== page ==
There’s no doubt, vinyl is back. The recent wax renaissance may have it’s ups and downs, but unless you’ve been living under a rock, loading old cassettes into a boombox like a caveman, the resurgence is clear.
Bands are releasing vinyl again in serious numbers, and with the wave has come all the kooky side effects we forgot about. Limited edition pressings, crazy release strategies and even records made from blood. Collectors will always go miles down the road less travelled to get their mitts on something unique, but just how far down does that path go?
There’s one thing crazier than some of the unique vinyls on the market, and that’s the people buying them. We see just how far the collectors will go by running through the most expensive vinyls ever.
We start our search at the world’s favourite vinyl trading website, Discogs. Each month, the site admins post a list of their most expensive items sold. Even when just looking at recent times, the numbers are pretty extreme.
Dynamic Five – Love is the Key
The 1978 LP from Dynamic Five regularly clocks the $5K mark when sold around the world. For it’s rarity yes, but this vinyl is infamous on the DJing and cratedigging circuits. If you drop a track from Love is the Key in your set, it’s pretty much downhill from there.
In May, it sold for $4,250.
Phafner – Overdrive
With only 50 copies printed in 1972, this is another legendary piece of collector history. Phafner recorded Overdrive in a basement studio before pressing the copies with Dragon Records.
An iconic, early showcase of drugged-out, bluesy hard rock, a copy sold in July for $5,500.
Prince – The Black Album
One of the most legendary records of all time, Prince recalled every single copy of The Black Album just before it’s release, leading to a massive bootlegging chain reaction starting from the 100 European promotional copies in circulation.
In April, this one went for a whopping $15,000 on the Discogs marketplace.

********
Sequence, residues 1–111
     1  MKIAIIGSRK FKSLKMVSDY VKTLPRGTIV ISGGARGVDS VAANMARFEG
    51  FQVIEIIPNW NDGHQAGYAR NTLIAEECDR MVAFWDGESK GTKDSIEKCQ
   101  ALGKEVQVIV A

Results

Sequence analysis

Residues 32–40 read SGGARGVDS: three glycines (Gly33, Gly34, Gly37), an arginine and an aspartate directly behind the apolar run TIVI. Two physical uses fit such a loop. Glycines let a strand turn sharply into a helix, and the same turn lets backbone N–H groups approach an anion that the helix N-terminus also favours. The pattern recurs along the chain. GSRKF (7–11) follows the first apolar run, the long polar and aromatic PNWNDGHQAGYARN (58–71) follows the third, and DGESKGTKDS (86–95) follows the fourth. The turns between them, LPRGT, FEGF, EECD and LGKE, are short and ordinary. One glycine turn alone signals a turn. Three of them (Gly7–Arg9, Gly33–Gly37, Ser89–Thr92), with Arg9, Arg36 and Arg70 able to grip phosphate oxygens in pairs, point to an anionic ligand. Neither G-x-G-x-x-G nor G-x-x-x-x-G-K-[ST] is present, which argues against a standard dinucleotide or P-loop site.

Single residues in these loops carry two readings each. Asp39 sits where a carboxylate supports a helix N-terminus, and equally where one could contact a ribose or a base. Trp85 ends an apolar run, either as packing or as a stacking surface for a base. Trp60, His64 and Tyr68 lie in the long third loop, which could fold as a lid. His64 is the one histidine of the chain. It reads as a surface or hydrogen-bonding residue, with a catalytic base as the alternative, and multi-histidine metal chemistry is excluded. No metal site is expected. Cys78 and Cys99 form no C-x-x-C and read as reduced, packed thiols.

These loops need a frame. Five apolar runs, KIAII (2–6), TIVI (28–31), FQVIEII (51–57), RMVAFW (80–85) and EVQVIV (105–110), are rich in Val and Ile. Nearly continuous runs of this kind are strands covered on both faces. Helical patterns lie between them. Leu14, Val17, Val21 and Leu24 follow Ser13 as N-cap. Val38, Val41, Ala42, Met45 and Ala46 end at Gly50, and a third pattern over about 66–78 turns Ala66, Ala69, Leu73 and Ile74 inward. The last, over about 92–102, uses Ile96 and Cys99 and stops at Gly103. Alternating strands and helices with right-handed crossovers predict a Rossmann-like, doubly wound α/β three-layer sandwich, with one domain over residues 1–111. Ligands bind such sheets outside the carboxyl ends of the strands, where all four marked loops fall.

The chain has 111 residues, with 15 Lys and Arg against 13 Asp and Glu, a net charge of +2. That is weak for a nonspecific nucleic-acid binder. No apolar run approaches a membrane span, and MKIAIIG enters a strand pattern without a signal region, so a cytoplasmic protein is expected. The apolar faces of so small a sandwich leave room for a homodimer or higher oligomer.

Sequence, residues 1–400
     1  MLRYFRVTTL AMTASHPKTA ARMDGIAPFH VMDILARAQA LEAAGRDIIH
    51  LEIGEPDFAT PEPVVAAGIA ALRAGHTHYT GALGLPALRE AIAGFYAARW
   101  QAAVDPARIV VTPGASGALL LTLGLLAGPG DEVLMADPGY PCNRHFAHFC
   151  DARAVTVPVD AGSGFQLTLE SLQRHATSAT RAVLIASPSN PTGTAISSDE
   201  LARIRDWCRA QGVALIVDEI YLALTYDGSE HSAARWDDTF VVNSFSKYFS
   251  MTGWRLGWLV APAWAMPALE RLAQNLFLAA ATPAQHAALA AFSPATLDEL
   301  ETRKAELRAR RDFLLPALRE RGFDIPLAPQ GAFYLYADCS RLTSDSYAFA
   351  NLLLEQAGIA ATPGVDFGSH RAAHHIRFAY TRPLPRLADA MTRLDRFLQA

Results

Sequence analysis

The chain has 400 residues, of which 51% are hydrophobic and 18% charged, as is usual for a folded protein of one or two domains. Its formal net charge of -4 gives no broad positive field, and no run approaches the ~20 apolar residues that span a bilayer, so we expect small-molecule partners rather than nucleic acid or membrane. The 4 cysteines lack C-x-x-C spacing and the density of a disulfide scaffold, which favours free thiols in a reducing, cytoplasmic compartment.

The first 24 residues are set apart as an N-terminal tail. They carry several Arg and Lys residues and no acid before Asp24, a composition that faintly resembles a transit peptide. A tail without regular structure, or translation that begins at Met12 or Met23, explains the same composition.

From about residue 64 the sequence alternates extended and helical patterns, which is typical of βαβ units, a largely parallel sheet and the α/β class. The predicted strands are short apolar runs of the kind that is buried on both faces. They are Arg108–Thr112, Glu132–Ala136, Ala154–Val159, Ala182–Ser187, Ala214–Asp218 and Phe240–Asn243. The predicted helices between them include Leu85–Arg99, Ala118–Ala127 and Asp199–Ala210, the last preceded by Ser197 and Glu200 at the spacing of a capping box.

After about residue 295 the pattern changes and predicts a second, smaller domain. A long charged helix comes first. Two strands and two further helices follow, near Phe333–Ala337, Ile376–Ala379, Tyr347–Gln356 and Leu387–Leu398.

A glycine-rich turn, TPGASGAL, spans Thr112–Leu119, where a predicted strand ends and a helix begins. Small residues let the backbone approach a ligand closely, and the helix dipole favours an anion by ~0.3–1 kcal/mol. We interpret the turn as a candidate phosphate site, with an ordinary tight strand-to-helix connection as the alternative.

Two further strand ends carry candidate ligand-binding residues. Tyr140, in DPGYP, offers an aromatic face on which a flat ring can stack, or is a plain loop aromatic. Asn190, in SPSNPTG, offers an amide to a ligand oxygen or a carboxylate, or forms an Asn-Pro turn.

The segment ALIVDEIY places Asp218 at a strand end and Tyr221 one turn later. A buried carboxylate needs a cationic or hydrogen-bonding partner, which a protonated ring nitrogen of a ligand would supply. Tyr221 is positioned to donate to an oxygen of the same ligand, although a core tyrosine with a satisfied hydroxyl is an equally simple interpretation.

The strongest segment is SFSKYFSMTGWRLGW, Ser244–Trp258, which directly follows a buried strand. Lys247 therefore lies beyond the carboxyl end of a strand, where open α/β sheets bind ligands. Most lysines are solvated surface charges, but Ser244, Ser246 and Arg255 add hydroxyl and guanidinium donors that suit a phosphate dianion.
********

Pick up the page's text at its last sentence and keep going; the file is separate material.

Four the next three on our list, we take a look at the more commercial side of vinyl trading. Discrepancy Records is one of Australia’s largest record distributors, selling anything from new Aussie releases to massive Dark Side of the Moon reissues. What we’re interested in is their ‘Holy Grail’ range, a collection of super rare vinyls that are, of course, super expensive.
While around 300 copies are thought to be in existence of this regal vinyl, most of those copies were sent to industry members and friends of U2. Also, it’s purple, which is neato.
This one will set you back $5,000.
Knowledge can be a burden indeed, because unless you have $6,250 handy, it ain’t yours.
When A&M records signed the Sex Pistols, they didn’t quite know what they were getting into. Six days after the signing 25,000 copies of God Save The Queen had been pressed, but the band had caused enough chaos in-house to prompt the label into destroying every copy.
One of the nine known copies on the planet that somehow survived that vinyl genocide, this will cost you $20,000.
This is where things hit the big leagues. Above the levels offered by sites like Discrepancy Records is a world of insider trading and auctions of the rarest or most special vinyls in existence. Several Beatles’ records for example have copped price tags well into six figure territory under the right circumstances.
Let’s skip right to the cream of the crop, though. The following are the two most expensive records ever sold in history:
The Beatles – The Beatles
The 1968 record from The Beatles shouldn’t be too special in it’s own right, being one of the most recognisable and widely available albums ever. However, one pressing is a little more notable than the rest.
In December 2015, the personal copy of Ringo Starr, serial #0000001 was sold for an unbelievable $790,000 US according to Rolling Stone.
The second most expensive Beatles record ever sold was the copy of Sgt. Pepper’s Lonely Hearts Club Band that John Lennon autographed five hours before he died. It was sold in 2013 for $290,500.
Wu-Tang Clan – Once Upon a Time in Shaolin
The latest album from Wu-Tang Clan pressed only one copy of their latest record, Once Upon a Time in Shaolin. According to Bloomberg Businessweek, that sole copy went for $2 million, obliterating The Beatles.
Unfortunately, the buyer happens to be a bit of a scumbag. Hedge fund manager Martin Shkreli, best known for hiking the prices on vital pharmaceuticals at the expense of suffering patients, is the owner of Once Upon a Time in Shaolin. Hope he hated it.